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Drink coffee for a long (and happy) life

Good news for coffee drinkers: A recent study from the NIH-AARP Diet and Health Study finds that coffee drinkers live longer. Credit: Wikipedia.

Recently, I told you about research indicating that tipsy people might get more benefit from the caffeine than sober imbibers will. This is useful after-hours information, but of limited day-to-day value.

For coffee drinkers, there is little that is more delightful than starting the day with a cup of freshly brewed coffee. Starbucks knows this and has brilliantly converted that morning pleasure into a megabusiness. We ignore those studies that come out now and then with their irritating findings that coffee can increase risk of heart disease by raising LDL (bad cholesterol) levels and increasing blood pressure, or that some of the substances in the complex brew are linked to cancer. But now, there is a study that will be welcomed by baristas and their customers everywhere.

A study published in this week’s New England Journal of Medicine gets right to the bottom line: Coffee drinkers tend to live longer.

Neal Freedman of the National Cancer Institute led the study of 400,000 people, making it the largest study done on the issue and is part of the National Institutes of Health and AARP Diet and Health Study.

As the data were analyzed, initial indicators were that coffee drinkers were likely to die at any time. However, when researchers accounted for other diet and lifestyle habits that are known to shorten lifespans—smoking, alcohol and red meat consumption, lack of exercise, etc.—a clear pattern of living longer emerged.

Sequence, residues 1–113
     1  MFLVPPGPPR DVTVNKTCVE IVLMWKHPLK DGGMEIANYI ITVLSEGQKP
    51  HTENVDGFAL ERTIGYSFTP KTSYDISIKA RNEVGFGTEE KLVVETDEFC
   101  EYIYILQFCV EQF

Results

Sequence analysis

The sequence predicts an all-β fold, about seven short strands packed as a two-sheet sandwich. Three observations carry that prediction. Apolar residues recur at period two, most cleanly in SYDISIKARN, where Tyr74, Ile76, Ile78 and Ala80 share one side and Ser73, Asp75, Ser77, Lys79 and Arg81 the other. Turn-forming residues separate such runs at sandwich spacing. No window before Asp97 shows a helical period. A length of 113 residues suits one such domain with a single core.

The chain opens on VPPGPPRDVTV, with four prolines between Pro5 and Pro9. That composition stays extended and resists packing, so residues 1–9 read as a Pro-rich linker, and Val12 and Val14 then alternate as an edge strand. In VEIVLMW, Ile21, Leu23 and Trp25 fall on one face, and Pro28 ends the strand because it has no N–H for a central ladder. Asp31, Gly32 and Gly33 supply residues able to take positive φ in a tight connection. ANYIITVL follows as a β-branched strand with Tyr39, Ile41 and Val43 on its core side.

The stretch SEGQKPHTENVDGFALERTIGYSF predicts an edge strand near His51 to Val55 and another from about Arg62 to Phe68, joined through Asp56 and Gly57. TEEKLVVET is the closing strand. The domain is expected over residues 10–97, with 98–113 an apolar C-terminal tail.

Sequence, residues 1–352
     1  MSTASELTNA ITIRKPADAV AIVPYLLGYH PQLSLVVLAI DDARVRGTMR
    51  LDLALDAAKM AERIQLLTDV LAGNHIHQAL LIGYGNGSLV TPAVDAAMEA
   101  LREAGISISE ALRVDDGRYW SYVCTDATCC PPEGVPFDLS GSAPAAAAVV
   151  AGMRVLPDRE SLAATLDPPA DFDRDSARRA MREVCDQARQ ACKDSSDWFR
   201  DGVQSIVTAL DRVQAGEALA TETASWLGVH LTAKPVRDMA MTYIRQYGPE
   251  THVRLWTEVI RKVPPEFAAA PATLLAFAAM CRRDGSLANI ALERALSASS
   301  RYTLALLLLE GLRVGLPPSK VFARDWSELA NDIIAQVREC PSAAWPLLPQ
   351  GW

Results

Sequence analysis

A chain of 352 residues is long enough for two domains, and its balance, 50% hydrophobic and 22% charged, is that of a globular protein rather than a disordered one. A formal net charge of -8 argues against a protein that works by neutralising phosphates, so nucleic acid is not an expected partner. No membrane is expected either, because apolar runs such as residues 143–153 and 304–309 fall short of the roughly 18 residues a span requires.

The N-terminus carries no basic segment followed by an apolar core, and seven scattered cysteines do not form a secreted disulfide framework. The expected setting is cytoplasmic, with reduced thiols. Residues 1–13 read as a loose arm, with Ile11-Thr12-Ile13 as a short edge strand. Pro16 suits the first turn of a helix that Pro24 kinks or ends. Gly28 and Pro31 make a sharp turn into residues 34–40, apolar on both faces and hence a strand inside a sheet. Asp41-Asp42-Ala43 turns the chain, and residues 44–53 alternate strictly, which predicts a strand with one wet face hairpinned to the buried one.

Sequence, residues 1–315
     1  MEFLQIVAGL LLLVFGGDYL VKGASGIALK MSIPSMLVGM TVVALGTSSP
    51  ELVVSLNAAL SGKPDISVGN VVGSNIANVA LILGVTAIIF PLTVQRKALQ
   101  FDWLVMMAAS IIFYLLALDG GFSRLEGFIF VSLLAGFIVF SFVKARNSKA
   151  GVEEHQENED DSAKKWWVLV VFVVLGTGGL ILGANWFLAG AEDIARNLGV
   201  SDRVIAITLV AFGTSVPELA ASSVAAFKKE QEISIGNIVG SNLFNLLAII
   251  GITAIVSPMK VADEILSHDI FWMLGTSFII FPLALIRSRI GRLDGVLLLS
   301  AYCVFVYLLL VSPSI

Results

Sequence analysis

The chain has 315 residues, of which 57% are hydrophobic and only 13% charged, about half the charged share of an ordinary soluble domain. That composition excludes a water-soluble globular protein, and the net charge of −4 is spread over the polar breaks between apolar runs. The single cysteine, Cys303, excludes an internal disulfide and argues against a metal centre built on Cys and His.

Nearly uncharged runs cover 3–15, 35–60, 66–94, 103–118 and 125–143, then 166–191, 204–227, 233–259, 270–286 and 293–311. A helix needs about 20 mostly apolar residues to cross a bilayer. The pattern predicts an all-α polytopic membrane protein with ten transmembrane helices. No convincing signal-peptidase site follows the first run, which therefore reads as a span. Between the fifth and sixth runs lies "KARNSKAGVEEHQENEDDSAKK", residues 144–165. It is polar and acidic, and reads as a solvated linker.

According to a news story, the NIH-AARP study began in 1995 and involved AARP members between 50-71 years old in select states and cities. The study eliminated people with heart disease, stroke or cancer and those whose diets were either too high or too low in calories. Of the 400,000+ participants, about 10 percent did not drink coffee. About 15,000 drank six or more cups per day, but most people reported drinking two or three. About two-thirds of the coffee drinkers preferred caffeinated coffee; the rest drank decaf.

Here is the bottom line: Men who drank two to three cups of coffee per day were 10 percent less likely to die at any age, and women were 13 percent less likely. Even a single cup of coffee per day made a difference for six percent for men and 5 percent for women. The largest effect was for women who drank four or five cups per day. Their risk of death was reduced by 16 percent. People who were healthy to begin with benefited the most.

The story reports that coffee drinkers are “less likely to die from heart or respiratory disease, stroke, diabetes, injuries, accidents or infections. No effect was seen on cancer death risk, though.”

It’s important to note that the study does not prove causality, only correlation. It does not provide the link between coffee and lifespan, but shows that there is a statistically meaningful relationship. However, the story points out that the large number of subjects, more than a decade of follow-up and a statistically significant number of deaths to compare, means this is probably pretty good evidence. There are other studies looking at things like the effect of coffee on inflammation and insulin resistance.

Freedman declines to guess at how much extra life drinking coffee could buy, partly because of the effects of smoking, which affects longevity at all ages. Also, the story points out that adding sugar, cream, etc. can mitigate coffee’s benefits.

I’m ok with that. I’m happy to know that I may be able to enjoy a good cup of coffee for a good long time.